Beyond the Lights, written and directed by Gina Prince-Bythewood, stars rising actress Gugu Mbatha-Raw as hip-hop and R&B singer Noni.

In Beyond the Lights, British entertainer Noni has become a global sensation, but her successes have come at a personal cost. With the pressure building, Noni’s career is threatened. When she meets cop and aspiring politician Kaz Nicol, Noni becomes inspired to be her own artist and finds a renewed love for what she does. Despite protests from their friends and families, the two give in to their love to the benefit of their careers.

‘Beyond The Lights’ Recap

Critics, wary of the premise of the discouraged love story and the feel-good concept of a young woman chasing her dreams, were surprised by the poignant and affecting movie that Prince-Bythewood put together. The cast – which includes Minni Driver, Nate Parker and Danny Glover – received ample praise, though it was Mbatha-Raw’s performance that has reviewers believing another film star has been made.

“It’s being sold as a rather sensitive, definitely serious film about two twentysomethings who have to move beyond their parents’ dreams to find their own. But at its own heart? It’s a soap opera — “The Bodyguard” without the interracial romance or big musical score.The story’s even got a VH1-ready title, roman-a-clef show-biz angles, bad dialogue, gratuitous pecs-and-violence and plotting that perches precariously on the edge of ridiculous. If it were any cheesier, they could pour it on macaroni.” – Stephen Whitty, The Star-Ledger

“It sounds like chick-flick hell: A stage mother (Minnie Driver) pushes her Rihanna-like daughter so hard that the kid almost dives off a hotel balcony before her first album drops. In Bodyguard style, a decent cop shows up to save her. To everyone’s surprise, especially mine, the clichés yield a remarkably engrossing love story with the wit to know truth from twaddle. Writer-director Gina Prince-Bythewood, who performed similar magic with Love & Basketball (2000), knows her way around the business of show and showing off.” – Peter Travers, Rolling Stone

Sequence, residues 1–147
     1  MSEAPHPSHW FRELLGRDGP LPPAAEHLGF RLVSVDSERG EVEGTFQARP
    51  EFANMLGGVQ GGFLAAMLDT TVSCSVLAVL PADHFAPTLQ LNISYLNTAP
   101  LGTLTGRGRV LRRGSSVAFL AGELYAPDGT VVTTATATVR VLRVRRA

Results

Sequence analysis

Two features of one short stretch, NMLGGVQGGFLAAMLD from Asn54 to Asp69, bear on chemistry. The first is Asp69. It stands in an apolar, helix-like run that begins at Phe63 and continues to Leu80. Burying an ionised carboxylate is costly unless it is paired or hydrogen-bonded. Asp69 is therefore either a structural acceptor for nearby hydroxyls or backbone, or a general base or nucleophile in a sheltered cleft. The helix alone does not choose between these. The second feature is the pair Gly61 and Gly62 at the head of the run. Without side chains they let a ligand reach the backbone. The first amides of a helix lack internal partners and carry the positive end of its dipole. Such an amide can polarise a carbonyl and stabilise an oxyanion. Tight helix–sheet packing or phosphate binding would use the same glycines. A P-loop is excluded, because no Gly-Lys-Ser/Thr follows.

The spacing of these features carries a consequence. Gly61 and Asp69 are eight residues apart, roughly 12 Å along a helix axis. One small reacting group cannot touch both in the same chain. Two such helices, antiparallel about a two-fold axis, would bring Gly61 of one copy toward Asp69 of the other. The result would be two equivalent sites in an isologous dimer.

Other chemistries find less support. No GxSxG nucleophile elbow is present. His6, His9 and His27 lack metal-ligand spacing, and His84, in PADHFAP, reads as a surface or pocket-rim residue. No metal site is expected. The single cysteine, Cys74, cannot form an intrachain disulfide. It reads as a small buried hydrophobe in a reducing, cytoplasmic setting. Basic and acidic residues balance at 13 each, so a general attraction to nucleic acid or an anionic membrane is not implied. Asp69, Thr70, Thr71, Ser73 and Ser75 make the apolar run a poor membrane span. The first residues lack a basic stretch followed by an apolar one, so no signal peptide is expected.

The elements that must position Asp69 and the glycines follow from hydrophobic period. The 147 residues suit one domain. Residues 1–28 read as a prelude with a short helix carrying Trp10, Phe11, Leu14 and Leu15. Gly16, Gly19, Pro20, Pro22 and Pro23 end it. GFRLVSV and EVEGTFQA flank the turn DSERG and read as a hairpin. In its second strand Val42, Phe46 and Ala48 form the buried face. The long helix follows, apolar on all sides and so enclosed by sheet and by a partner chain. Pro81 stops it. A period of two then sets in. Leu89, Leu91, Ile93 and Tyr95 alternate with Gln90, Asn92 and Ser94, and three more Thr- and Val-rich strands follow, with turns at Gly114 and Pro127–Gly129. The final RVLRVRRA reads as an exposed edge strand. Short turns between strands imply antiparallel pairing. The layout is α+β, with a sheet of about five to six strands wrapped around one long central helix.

“It’s a story that, under different management, might veer into melodrama: Noni, who has a troubled relationship with her young single mother struggles to manage her fame; she’s pulled into a world in which her image is sexualized, her relationships are stage-managed and her creativity stifled. Prince-Bythewood comments on this, but keeps the focus on the two lovers. Kaz isn’t quite what we expect — he’s got political ambitions and his father warns him that “this one ain’t First Lady material” — but he’s sweet, kind and capable of whipping off his shirt extremely quickly. “Beyond the Lights” is the kind of movie that we don’t see often enough: a warmhearted story that leaves its characters — and its audience — happy.” – Moira Macdonald, Seattle Times

“Everyone in “Beyond the Lights” brings admirable seriousness to otherwise stock roles, but it would be for naught without Mbatha-Raw’s honesty and intensity, which result in a star turn as compelling as any this year. The fact that “Beyond the Lights” is so effective at both celebrating and critiquing extravagance and artifice can be credited to Prince-Bythewood’s shrewd understanding of the highly pitched cinematic vernacular she’s working with. Even more crucially, when it came time to cast the transformational figure at her fable’s center, she found the real thing.” – Ann Hornaday, Washington Post

 Beyond the Lights, rated PG-13, is currently in theaters.

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